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Marine / Fishing industry urges Scottish Government to ‘rebalance the green agenda’

Green councillor however says he will continue supporting the industry

Parts of Shetland’s pelagic fishing fleet at Mair’s Pier in Lerwick. Photo: Shetland News

THE SCOTTISH fishing industry is calling on newly elected first minister John Swinney to move fishing towards the top of his political agenda.

Following the end of the power-sharing agreement between the SNP and the Scottish Greens, the Scottish Fishermen’s Federation (SFF) is also urging the new cabinet to “rebalance in the green agenda”.

The federation wants policymakers to recognise the industry as part of the solution to climate challenges, rather than perceiving it as a hindrance.

In response, however,  local Green councillor Alex Armitage said he continues to be committed to engaging with fishers.

The Shetland South councillor and Green Orkney and Shetland candidate at the upcoming general election said: “I reject the suggestion that the Green agenda should somehow be separate from the agenda of the fishing industry.”

The SFF says a recent trend and attitude survey carried out on behalf of the industry representative body revealed widespread public backing for the fishing industry, with nine in 10 people in the country believing the Scottish Government should do more to support the sector.

SFF chief executive Elspeth Macdonald.

SSF chief executive Elspeth Macdonald said: “The Bute House Agreement was disastrous for Scotland’s fishing sector. It failed to recognise any positive benefits of fishing, seeing nothing but ‘problems’ that needed to be solved.

“However, we saw with last summer’s scrapping of the Bute House Agreement’s proposals for Highly Protected Marine Areas (HPMA) that the Scottish Government did listen, and withdrew these ill-conceived, ideologically driven and unevidenced plans.

“Thankfully the government has backtracked on their damaging agreement with the Scottish Greens, presenting a golden opportunity for the new leadership to bring forward plans that will secure the health of our sector and our seas.”

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She added: “We would urge the incoming First Minister to adopt this mindset, and have a balanced, rational approach to the future of fishing.

“We can’t afford to lose or damage an industry that provides jobs, supports communities and puts healthy, low-carbon protein on our plates.”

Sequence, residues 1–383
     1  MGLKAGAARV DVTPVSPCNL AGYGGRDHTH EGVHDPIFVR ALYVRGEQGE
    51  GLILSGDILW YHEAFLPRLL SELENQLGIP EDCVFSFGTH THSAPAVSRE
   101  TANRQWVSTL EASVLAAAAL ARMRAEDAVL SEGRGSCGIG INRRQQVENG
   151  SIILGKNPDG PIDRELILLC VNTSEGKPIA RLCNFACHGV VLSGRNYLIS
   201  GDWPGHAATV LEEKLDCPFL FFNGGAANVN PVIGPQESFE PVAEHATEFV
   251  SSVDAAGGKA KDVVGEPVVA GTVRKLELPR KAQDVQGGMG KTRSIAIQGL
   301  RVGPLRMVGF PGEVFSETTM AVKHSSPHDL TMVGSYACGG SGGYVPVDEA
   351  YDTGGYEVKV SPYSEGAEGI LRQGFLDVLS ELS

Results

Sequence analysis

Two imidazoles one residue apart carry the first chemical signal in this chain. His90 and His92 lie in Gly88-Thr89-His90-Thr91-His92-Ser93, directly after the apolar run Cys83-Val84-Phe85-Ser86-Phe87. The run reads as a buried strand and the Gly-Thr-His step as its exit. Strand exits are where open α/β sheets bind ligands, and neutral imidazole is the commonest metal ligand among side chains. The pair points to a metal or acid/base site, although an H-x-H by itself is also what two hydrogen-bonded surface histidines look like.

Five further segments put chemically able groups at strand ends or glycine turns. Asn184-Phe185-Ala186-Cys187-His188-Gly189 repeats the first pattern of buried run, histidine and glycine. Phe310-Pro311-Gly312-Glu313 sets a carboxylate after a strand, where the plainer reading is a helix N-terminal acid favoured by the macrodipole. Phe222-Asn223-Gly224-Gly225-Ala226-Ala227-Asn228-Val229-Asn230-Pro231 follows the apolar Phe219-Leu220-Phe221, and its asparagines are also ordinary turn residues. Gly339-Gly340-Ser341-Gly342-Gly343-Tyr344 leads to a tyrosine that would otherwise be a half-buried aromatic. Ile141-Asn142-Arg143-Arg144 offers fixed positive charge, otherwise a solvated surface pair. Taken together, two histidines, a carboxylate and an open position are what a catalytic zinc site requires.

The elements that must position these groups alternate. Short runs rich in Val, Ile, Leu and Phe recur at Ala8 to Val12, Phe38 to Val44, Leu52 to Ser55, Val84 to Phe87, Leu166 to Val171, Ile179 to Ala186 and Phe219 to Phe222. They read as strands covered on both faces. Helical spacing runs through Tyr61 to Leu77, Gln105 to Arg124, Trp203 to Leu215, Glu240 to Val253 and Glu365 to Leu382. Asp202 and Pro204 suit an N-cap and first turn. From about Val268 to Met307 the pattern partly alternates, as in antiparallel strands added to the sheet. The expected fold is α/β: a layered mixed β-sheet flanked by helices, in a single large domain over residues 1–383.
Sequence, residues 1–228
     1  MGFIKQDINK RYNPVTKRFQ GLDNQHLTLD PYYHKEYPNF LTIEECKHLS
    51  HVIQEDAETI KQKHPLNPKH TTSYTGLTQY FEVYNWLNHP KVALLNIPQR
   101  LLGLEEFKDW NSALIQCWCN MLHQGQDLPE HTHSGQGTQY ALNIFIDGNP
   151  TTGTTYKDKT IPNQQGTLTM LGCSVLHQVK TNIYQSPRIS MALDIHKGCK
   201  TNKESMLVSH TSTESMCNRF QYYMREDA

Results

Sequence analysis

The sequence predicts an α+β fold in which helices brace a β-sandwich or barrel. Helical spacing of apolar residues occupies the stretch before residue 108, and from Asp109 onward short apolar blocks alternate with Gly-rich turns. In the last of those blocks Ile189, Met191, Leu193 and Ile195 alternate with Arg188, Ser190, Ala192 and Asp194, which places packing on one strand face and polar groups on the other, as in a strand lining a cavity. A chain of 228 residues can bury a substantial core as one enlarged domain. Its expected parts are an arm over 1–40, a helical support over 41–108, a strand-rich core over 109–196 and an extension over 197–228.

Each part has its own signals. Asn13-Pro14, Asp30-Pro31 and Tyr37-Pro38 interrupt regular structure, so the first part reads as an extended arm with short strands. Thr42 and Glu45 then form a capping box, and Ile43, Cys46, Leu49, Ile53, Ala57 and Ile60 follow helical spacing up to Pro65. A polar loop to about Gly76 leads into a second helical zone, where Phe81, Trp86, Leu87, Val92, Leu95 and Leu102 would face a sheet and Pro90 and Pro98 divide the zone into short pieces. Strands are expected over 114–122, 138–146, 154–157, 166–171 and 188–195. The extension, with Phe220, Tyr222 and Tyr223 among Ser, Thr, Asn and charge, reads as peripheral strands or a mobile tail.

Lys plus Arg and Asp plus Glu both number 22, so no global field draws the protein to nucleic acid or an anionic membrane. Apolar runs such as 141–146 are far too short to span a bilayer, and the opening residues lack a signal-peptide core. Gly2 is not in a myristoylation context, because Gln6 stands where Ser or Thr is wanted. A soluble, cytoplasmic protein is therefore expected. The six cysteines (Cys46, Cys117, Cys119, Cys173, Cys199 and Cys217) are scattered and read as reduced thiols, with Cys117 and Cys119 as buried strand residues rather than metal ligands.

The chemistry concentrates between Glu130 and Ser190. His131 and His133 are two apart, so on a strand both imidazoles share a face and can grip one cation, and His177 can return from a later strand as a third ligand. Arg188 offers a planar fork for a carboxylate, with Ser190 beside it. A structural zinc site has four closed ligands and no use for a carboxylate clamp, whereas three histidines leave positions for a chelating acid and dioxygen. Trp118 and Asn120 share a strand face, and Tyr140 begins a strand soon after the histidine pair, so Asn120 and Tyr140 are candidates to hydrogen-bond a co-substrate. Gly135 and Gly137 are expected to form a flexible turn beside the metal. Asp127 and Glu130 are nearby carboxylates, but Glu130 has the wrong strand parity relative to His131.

Armitage meanwhile conceded that the attempts to implement the HPMA policy could have been handled better.

“The HPMA policy was previously believed by Scottish Government ministers to be beneficial for the environment and the fishing industry,” he said.

“In my view, there had been inadequate engagement with fishers and coastal communities, and this resulted in a top-down policy making process which rightly faced criticism.

“HPMAs were not implemented because the Scottish Government, to their credit, listened to folk’s concerns and abandoned the policy.”

The Green councillor, who is behind a joint initiative involving the local party branch and the Shetland Fishermen’s Association in bringing a stop to high-damage gill netting in Scottish waters, was critical of the SFF singling out his party.

“In my mind, two of the most critical things we must consider as we face the future are that we have to eat, and we have to decarbonise. I believe that the fishing industry has an important role to play in both,” he said.

Shetland Green councillor Alex Armitage.

“I’m concerned about what seems to be a significant amount of unsustainable fishing that goes on, particularly by industrial gillnetters in Shetland’s waters.

“I do wonder whether regulation of fisheries might be a suitable issue for Shetland to have local control over, as the Faroe Islands have benefited from.

“I’m also critical of the Scottish Fishermen’s Federation’s singling out of the Scottish Greens as ‘damaging’; before it was abandoned, the HPMA policy received widespread support from across the political spectrum, and no take zones have also been proposed by the United Nations.

“I was excited to attend the launch of the Centre for Sustainable Seafood in Scalloway last week, which I believe will provide the scientific direction on how sustainability can be achieved most effectively.

“The new scientific lead of the centre, Prof. Ray Hilborn, is an environmentalist who has put forward a number of sensible suggestions on how the fishing industry can move forward. He, like me, is a strong advocate of fishing but his support of the industry is not uncritical.

“It is my conviction to support the fishing industry. I will not always agree with every fisherman on every issue, but I will always work to protect the industry which is so important to Shetland, and to billions of folk around the world.”

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